Notes: An account of the first Wisconsin Summer School for Working Women, which was held in 1925 at the campus of the University of Wisconsin in Madison, Wisconsin. The Wisconsin school was only the second such summer training program for women working at industrial jobs, with the first having been held at Bryn Mawr College in Pennsylvania (although the Wisconsin school is the first such program at a state university). The instruction lasted for six weeks during the regular summer sessions at the university; forty women from nine Midwestern states attended and instruction was given in three areas: English, economics, and physical education. Some detail is provided about the topics studied and mention is made of production of a publication, “‘The Script,’ a mimeographed class-book edited by the students” (p. 945).
  4. Voelker, Keith Emery. “Financial Incentive Plans for Clerical Employes [sic]”; 1964.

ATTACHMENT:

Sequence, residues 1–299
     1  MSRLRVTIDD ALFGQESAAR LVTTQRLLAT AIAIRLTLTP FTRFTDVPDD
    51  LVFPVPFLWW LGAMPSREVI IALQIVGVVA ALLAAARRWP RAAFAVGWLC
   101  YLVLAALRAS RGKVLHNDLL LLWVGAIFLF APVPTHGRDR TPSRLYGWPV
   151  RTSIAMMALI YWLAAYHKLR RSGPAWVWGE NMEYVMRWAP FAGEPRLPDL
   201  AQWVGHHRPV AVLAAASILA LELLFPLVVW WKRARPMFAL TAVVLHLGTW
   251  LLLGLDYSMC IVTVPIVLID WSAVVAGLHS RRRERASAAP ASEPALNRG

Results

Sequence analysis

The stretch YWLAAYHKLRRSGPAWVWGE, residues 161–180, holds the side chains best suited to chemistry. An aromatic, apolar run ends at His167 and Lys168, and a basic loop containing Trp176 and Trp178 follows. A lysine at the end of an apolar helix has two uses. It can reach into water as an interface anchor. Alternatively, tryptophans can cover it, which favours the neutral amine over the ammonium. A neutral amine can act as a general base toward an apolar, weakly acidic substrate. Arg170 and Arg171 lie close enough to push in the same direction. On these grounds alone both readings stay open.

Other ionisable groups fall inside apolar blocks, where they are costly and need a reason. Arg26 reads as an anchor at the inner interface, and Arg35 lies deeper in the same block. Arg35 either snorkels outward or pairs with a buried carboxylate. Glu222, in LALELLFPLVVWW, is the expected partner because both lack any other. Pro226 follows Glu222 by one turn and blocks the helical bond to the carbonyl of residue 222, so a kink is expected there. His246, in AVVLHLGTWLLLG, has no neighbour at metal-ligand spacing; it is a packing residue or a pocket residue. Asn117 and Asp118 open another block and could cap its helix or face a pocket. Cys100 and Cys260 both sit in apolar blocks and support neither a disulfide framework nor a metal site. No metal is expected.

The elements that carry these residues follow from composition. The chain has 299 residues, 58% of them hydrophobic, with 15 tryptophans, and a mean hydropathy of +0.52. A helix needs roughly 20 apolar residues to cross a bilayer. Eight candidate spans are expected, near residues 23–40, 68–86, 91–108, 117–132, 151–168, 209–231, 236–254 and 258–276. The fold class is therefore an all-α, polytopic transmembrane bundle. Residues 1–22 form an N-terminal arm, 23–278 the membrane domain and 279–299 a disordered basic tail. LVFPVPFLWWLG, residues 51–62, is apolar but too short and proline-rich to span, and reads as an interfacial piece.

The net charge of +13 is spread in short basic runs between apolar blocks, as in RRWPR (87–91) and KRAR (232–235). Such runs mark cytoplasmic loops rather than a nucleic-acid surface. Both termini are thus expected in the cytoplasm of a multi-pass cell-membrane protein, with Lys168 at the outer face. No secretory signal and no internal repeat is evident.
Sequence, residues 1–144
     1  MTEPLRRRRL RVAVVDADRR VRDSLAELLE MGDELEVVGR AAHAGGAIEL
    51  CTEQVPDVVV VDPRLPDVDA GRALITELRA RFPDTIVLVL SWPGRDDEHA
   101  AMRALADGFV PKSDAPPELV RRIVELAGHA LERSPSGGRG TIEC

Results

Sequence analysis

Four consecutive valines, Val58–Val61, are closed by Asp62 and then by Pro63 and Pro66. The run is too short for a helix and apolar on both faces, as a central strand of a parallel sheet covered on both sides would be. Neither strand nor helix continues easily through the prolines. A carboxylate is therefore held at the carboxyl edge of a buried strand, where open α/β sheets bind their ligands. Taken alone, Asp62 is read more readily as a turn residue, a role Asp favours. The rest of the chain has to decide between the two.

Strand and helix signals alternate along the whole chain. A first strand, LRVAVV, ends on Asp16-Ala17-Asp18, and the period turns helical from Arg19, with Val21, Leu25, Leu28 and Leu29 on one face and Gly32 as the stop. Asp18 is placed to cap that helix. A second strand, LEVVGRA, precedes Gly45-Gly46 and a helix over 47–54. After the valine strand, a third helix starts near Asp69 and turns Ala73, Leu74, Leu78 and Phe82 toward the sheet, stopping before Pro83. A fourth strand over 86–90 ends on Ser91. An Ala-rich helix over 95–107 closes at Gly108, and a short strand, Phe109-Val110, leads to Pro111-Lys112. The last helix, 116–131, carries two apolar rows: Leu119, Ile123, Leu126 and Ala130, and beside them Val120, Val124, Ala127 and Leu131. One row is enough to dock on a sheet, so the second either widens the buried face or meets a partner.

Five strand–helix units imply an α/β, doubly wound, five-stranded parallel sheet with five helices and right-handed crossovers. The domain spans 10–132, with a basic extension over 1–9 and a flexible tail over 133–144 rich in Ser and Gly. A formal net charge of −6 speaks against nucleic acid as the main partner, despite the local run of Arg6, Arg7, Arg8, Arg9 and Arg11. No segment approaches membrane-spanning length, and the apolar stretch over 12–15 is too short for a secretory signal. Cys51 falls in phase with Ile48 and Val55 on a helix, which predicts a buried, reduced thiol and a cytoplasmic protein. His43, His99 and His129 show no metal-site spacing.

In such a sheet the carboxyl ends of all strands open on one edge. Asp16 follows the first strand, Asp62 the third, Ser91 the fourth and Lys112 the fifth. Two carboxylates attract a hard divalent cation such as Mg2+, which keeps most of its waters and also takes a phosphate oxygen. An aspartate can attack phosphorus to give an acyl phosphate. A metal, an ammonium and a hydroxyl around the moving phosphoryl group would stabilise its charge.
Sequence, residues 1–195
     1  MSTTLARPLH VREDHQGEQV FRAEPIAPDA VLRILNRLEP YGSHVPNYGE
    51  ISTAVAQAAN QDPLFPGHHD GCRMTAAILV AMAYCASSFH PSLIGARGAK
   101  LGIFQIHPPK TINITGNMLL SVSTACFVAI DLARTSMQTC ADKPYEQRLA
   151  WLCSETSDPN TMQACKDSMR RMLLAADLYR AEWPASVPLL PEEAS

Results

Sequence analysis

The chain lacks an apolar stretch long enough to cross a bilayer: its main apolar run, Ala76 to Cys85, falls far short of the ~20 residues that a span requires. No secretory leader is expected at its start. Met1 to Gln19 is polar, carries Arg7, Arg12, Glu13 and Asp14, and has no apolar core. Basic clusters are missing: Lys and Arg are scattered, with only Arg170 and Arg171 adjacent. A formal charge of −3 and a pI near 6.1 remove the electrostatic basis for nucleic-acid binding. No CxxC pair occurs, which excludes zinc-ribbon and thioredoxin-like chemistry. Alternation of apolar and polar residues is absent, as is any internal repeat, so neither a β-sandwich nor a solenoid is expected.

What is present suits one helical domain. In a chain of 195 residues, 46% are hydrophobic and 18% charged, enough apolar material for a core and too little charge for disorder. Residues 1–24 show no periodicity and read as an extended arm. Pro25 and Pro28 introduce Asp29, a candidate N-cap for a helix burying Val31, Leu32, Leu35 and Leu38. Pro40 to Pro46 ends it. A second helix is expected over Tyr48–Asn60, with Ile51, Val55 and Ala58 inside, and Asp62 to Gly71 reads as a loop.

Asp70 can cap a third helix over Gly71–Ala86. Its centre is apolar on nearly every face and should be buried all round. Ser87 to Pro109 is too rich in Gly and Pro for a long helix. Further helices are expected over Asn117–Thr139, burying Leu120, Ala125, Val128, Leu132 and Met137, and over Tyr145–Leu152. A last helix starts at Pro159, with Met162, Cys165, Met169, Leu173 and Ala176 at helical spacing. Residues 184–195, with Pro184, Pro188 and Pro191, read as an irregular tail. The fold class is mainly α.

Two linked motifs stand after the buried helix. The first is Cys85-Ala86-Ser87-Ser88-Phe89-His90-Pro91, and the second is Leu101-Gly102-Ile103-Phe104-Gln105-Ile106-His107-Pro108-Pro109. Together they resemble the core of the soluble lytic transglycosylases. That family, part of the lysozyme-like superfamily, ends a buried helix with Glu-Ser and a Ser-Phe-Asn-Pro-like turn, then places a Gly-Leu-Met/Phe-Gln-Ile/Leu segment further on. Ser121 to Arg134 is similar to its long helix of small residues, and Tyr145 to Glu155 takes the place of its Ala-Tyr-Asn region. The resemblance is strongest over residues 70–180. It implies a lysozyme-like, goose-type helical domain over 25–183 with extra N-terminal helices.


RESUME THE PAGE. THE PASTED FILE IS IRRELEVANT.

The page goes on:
Notes: M.S. thesis, University of Wisconsin, 1964. 167 leaves. In conjunction with the National Office Management Association (N.O.M.A.), a survey was conducted by the Center for Productivity Motivation of the School of Commerce at the University of Wisconsin to ascertain “the prevalence of clerical incentive plans in the United States and the effectiveness of such plans in practice” (p. 80). Financial incentives were divided into three categories: those financial incentives available to the individual clerical employee at the firm, based on that individual’s own work performance; those available to each clerical employee within a small group of the clerical employees at the firm, based on the work performance of their own small group; and, those available to the entire group of clerical employees at a firm, based on the financial performance of their firm as a whole. The study reports on the over-all experience of the 648 responding firms with the use of incentive systems for clerical work. A key finding of the study was that almost thirty-five percent of the businesses reported use of some form of financial incentive for clerical work.